Youth sports sure has changed a lot

Published 12:18 am Tuesday, July 29, 2008

As summer youth baseball and swimming programs wind down, I am reminded that those programs are actually mostly “Johnny-come-lately” opportunities.

In most parts of the country, kids of my generation had almost no organized sports programs before reaching high school age.

As I was growing up in Knoxville, a town much like Jackson in size, there was no Little League baseball or football program. There was no swim team as such, though I did swim in a city swimming meet as a 15-year old.

Email newsletter signup

I don’t recall anyone checking birth certificates. I guess they just took everyone’s word about his age. The YMCA offered a mostly intramural basketball league, but I don’t think it was age-related.

When I entered Baylor, a military school in Chattanooga, as a seventh grader, we did have organized sports.

All students were required to participate in an organized sport or take an hour of organized exercise daily. As seventh and eighth graders, we played on a football squad called the mites.

The teams we played against, only three or four a season, were from area schools and I remember those kids had to furnish their own equipment. We were issued everything, including shoes.

After the eighth grade, the boys who wanted to continue football had the junior midget team. That was a little more formal, and we actually had blocking assignments. Both of those levels of play used the same formations, plays, and terminology as the varsity, so I guess they were all considered to be ‘feeders’ for the varsity.

With the widely-available youth sports programs of today, each of those fits a place in the progression of a youngster’s athletic life. That progression almost always starts in the very early years with the interest and involvement of a mentor, who might be a father, uncle, older brother, or maybe his or her mother.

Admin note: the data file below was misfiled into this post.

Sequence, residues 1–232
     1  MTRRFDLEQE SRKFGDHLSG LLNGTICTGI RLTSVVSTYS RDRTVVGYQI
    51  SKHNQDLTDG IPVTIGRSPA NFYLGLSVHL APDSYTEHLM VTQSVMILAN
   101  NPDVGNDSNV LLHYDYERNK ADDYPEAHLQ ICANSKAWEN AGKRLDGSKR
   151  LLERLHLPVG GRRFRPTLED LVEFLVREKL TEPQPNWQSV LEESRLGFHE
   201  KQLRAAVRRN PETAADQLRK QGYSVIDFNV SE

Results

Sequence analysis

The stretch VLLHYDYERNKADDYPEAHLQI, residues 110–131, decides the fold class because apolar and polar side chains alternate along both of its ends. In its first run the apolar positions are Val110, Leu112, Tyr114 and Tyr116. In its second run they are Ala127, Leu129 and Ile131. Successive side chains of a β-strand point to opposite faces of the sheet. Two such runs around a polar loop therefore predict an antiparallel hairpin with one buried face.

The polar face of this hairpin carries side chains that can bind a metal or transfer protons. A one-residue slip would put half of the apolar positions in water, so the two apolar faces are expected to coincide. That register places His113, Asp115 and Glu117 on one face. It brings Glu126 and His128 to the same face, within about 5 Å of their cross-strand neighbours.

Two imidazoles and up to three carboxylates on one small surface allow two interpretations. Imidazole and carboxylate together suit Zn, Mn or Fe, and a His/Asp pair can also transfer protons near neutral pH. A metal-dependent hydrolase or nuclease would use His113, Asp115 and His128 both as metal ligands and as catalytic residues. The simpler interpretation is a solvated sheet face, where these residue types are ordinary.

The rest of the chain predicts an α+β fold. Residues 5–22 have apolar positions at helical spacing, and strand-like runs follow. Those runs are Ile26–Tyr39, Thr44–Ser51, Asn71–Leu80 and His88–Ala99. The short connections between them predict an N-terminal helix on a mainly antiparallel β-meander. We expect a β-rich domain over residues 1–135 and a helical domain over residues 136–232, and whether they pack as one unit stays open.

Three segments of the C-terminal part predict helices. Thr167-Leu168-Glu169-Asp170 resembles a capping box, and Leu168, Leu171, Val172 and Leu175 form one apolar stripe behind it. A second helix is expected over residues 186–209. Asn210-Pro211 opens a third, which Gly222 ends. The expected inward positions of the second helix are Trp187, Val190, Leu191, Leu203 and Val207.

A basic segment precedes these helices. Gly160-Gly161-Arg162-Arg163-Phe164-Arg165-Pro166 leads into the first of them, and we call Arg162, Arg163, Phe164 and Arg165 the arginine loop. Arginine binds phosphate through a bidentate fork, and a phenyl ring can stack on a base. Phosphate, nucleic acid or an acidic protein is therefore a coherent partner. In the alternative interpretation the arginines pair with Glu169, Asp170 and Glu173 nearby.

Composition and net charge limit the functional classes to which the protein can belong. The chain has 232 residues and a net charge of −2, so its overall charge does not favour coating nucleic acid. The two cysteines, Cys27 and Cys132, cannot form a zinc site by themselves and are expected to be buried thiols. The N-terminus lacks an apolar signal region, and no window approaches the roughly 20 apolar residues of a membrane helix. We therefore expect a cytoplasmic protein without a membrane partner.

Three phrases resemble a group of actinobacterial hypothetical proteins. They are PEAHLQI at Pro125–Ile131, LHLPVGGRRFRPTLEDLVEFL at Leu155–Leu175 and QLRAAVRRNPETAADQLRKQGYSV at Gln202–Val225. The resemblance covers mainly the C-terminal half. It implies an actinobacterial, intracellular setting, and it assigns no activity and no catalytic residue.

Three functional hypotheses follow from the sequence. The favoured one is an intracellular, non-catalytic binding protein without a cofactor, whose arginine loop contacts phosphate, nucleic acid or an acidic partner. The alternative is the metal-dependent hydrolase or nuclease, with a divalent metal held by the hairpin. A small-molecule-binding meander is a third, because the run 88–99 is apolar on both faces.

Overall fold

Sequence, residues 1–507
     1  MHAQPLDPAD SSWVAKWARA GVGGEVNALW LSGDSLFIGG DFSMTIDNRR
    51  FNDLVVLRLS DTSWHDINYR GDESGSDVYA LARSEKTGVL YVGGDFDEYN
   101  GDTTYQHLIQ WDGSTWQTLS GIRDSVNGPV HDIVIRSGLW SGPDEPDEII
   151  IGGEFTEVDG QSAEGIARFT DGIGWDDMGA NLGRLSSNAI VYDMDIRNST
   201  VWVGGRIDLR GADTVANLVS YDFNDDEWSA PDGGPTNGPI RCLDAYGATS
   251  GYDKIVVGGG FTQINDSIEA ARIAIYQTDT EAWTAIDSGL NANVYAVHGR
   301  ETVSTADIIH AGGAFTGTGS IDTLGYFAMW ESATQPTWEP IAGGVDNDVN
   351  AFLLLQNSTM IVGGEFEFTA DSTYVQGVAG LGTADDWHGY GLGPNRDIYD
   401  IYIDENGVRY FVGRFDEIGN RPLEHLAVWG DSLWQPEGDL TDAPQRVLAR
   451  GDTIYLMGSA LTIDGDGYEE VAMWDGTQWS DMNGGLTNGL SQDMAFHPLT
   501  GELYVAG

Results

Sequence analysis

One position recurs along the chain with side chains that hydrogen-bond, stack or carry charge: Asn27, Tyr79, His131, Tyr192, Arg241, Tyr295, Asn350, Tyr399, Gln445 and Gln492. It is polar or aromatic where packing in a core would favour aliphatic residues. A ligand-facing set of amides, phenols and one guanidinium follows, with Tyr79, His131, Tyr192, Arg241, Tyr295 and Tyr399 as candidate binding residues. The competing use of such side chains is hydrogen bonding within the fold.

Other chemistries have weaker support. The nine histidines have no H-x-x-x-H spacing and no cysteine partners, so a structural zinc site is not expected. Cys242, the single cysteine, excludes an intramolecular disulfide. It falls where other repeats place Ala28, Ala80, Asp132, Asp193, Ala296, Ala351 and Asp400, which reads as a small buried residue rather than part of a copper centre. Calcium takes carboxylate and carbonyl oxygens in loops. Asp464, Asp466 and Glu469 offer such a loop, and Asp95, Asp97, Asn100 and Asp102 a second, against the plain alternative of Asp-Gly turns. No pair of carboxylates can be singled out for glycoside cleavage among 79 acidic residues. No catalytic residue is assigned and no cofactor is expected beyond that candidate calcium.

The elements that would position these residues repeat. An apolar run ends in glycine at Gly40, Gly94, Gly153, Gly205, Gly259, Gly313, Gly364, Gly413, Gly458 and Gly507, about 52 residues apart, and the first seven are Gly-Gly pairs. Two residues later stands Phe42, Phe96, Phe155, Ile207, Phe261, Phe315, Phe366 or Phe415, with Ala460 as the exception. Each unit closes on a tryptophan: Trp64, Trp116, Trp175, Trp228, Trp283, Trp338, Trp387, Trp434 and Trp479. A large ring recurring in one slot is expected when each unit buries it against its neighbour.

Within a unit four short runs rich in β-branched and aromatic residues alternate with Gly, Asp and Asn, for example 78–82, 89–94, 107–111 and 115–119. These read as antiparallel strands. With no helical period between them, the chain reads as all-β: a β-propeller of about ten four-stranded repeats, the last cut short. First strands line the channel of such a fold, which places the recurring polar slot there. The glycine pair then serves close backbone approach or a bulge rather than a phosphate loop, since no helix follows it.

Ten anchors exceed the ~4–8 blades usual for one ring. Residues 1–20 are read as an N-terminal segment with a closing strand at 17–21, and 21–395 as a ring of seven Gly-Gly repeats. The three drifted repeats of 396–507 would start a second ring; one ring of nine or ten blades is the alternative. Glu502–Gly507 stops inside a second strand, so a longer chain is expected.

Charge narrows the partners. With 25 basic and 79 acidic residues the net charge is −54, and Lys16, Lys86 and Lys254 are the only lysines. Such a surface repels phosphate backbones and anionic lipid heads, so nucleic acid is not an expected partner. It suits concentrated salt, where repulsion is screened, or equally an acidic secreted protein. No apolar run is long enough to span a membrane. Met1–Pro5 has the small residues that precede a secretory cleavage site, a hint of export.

From there most youngsters who remain interested in a sport, eagerly enter one of the youth programs, which might be T-ball, second or third grade football, or maybe age-group swimming

If the interest and ability continue, a kid can move up to 11- and 12-year old baseball, fifth and sixth grade football, or continue in age-group swimming.

After growing too old for those programs, junior high and middle schools all offer a wide range of sports programs. I don’t intend to leave out girls.

There are parallel female programs at all levels. Readers are aware that a great many of the female swimmers now heading to the Olympics are of high school age.

As important as early mentoring is to young athletes, coaching in the organized youth leagues is paramount in a youngsters development.

Too many coaches overlook the marginal player, many of whom have blossomed because a coach paid them some quality attention. I don’t mean to disparage those coaches, most of whom are volunteers. The leagues could not survive without them.

I was glad to see that this year’s City Golf Tournament was played under full USGA rules.

Playing the ball down and playing the course as you find it make every golfer better. Maybe this will lead to some Natchez golfers playing better on a state-wide level.

For those who are interested, Jarrett Hoffpauir is now batting .289 while Natchez’s Nook Logan is at .275.

And, That’s Official.

Al Graning writes a weekly column for The Democrat.